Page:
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After taking a long awaited step forward in a rare treatment, the impatience of European patient organizations are understandable given the slow emergence of advanced medicines. Peter O'Donnell writes there is good news for patients - just not quite as good as they may have thought.
Excitement overtook European patient organizations so completely in late March that they hailed a step forward in a rare treatment before the step had actually been taken. But their impatience and impetuosity are understandable given the slow emergence of advanced medicines in Europe – for which regulatory authorities and drug developers have both been repeatedly criticized in recent years. And as things turned out - the patient groups were not completely wrong.
On March 29, the European Medicines Agency announced that it had recommended granting a marketing authorization in the European Union for a genetically modified product for transfusion-dependent beta-thalassaemia (TDT): Zynteglo, from bluebird bio. "Patients who depend on blood transfusions to manage beta-thalassaemia have an unmet medical need for new treatments," said the agency, and "Zynteglo is a new therapeutic option for patients for whom a related donor for stem cell transplantation is not available."
Good news for patients - just not quite as good as they thought. Four days earlier, two patient organizations announced that EMA had approved bluebird bio’s application. And they quoted Dr. Chris Sotirelis, a patient expert at EMA, as saying: “The approval of Zynteglo is a breakthrough that offers a unique treatment choice to patients, as the first one-time gene therapy that addresses the underlying genetic cause of transfusion-dependent β-thalassaemia."
The patients were not only premature with their announcement - they were also inaccurate. "As a result of this marketing authorization, Zynteglo™ is now approved for use in all European countries covered by the European Medicines Agency," they said.
But Zynteglo is not yet approved. It is not EMA's role to approve medicines. It makes recommendations on approvals based on reviews by its scientific committees (and it certainly recommended approval for Zynteglo.) It is the European Commission that issues the approval. In most cases, the Commission follows the advice of the agency – but it is not at all automatic - so this is not a pedantic distinction.
That was evident to bluebird bio, too, which itself issued a statement immediately after the patient organizations' claim appeared, aiming to correct the misinformation. Citing "a third-party press release", the company said " no opinion has been issued" by the EMA's scientific committee - the Committee on Human Medicinal Products. The product "is scheduled to be reviewed as part of the CHMP meeting from March 25 – 28,” it spelt out carefully. And "if the CHMP’s opinion is issued it would then be reviewed by the European Commission, which has the authority to grant approval.”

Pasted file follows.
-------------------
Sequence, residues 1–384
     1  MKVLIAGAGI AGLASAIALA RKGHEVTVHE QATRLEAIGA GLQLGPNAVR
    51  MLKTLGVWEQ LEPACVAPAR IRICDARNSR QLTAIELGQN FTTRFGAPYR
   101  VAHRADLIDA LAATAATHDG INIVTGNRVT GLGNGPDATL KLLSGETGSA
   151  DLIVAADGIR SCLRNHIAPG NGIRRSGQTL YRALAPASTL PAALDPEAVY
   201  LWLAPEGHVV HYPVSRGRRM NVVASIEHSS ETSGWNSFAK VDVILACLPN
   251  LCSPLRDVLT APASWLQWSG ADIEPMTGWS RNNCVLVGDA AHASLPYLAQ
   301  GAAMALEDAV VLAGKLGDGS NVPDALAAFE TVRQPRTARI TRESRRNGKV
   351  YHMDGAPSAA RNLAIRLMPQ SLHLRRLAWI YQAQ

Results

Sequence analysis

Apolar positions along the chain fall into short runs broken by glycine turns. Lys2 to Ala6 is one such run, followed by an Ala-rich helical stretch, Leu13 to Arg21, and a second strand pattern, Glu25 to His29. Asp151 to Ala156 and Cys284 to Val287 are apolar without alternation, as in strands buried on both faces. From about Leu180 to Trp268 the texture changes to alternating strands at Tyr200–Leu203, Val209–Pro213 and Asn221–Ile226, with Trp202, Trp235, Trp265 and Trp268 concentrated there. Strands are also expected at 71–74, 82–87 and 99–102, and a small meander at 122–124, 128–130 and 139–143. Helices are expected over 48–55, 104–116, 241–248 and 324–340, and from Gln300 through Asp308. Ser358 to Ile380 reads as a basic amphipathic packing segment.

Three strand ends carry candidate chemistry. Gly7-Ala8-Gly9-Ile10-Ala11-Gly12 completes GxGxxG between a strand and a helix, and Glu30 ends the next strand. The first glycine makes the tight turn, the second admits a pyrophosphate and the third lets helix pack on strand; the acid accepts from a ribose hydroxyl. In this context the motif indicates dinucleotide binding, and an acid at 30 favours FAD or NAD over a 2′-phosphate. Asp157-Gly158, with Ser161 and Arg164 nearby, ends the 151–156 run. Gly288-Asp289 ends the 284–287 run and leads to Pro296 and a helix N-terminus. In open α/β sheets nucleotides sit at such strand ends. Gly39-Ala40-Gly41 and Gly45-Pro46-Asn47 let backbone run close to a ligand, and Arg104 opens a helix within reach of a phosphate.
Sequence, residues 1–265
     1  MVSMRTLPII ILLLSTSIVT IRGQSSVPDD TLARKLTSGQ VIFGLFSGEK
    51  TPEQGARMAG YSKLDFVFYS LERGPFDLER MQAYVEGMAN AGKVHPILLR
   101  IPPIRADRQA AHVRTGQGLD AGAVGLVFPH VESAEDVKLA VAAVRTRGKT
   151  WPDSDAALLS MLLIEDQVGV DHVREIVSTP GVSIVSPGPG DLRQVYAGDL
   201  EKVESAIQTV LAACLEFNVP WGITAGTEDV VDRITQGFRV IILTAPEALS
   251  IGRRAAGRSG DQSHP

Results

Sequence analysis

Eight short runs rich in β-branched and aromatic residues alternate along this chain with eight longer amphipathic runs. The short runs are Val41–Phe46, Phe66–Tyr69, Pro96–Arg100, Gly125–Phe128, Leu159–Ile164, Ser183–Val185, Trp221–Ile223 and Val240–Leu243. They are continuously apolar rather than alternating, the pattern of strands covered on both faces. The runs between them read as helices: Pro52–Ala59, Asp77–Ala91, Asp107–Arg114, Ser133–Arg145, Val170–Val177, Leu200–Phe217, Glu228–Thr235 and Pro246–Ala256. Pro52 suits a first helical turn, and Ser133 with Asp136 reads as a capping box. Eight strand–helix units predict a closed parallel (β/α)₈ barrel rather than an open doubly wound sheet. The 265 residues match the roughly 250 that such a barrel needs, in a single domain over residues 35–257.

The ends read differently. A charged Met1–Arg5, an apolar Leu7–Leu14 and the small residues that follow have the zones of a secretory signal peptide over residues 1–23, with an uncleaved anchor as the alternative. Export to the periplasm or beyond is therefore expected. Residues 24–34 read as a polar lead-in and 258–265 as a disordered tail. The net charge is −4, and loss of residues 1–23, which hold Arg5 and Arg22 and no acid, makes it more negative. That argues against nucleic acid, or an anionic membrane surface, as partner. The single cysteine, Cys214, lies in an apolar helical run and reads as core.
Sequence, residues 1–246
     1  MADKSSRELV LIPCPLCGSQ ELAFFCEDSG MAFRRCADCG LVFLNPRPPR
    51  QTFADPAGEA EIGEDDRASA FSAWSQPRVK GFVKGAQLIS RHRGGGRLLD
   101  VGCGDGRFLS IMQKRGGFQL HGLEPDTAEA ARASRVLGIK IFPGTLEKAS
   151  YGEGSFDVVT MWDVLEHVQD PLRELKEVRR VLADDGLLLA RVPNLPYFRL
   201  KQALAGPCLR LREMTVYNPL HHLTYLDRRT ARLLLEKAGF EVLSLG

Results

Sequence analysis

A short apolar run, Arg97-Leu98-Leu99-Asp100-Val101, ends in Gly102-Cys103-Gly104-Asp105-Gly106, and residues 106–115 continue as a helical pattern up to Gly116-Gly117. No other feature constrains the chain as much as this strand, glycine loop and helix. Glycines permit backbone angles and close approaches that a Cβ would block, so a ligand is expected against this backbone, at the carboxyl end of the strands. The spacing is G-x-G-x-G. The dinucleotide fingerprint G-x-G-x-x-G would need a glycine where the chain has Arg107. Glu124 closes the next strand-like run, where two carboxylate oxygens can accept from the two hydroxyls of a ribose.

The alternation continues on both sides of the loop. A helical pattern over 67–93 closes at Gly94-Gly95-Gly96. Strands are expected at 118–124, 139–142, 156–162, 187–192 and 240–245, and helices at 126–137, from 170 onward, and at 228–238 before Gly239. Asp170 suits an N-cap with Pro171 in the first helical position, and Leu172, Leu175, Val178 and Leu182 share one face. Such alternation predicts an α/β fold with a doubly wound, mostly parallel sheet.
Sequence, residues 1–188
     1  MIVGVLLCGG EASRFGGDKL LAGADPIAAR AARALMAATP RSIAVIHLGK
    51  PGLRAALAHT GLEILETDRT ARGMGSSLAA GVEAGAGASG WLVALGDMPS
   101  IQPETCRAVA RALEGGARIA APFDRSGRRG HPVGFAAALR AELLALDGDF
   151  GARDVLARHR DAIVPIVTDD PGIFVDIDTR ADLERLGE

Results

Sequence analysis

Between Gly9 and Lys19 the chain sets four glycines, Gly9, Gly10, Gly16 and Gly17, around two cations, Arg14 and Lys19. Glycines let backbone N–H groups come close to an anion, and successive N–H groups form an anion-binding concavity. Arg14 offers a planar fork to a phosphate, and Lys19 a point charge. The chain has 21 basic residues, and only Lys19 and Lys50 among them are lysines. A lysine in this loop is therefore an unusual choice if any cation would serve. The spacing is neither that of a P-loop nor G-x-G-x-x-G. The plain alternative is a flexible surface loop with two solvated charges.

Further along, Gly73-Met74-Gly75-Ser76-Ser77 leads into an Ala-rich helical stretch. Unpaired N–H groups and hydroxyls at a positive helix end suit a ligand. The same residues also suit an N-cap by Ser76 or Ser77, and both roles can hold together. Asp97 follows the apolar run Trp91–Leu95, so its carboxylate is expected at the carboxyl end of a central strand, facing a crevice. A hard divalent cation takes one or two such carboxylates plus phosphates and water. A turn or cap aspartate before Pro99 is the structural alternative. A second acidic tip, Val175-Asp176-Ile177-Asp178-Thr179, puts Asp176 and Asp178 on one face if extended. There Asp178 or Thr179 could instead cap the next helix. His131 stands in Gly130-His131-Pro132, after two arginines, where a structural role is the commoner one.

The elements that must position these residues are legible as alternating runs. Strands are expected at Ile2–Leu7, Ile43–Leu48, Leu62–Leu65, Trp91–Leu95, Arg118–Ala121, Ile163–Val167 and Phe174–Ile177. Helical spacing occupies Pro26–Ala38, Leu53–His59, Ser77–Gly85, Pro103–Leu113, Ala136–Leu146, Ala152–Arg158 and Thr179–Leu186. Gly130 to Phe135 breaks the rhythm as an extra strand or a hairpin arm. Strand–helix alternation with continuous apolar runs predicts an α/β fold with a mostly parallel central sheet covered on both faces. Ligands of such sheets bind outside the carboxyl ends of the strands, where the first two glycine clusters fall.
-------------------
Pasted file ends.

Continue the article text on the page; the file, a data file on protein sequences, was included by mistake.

The EMA announcement, when it came, was also careful to spell out the steps. "Because Zynteglo is an advanced therapy medicinal product, it was assessed by the Committee for Advanced Therapies (CAT) , the Agency's expert committee for cell- and gene-based medicines,” said EMA. "On the basis of the CAT’s assessment and positive opinion, EMA’s committee for human medicines (CHMP) recommended a conditional approval for this medicine."
"The opinion adopted by the CHMP is an intermediary step on Zynteglo’s path to patient access," EMA went on. "The opinion will now be sent to the European Commission for the adoption of a decision on an EU-wide marketing authorization. Once the marketing authorisation has been granted, decisions about price and reimbursement will take place at the level of each member state, taking into account the potential role/use of this medicine in the context of the national health system of that country."
EMA did not add "Got it now?" to its statement.
The final act in this little drama, was a further statement from bluebird bio following the EMA announcement, and setting out its own view of the next steps. "A final decision by the European Commission for Zynteglo is anticipated in the second quarter of 2019," it said. The statement also quoted Dr. Androulla Eleftheriou, Thalassaemia International Federation Executive Director, remarking (aptly enough in the circumstances) "it is with great anticipation and eagerness that the international patient community has closely followed the dynamic rejuvenation of scientific interest and research of gene therapy in TDT over the last few years”. In any event, the confusion should not be allowed to obscure the important step towards a new treatment that this decision represents. Patients may be less concerned about the legal niceties than about the prospect of filling an unmet need.
Peter O'Donnell is a freelance journalist who specializes in European health affairs and is based in Brussels, Belgium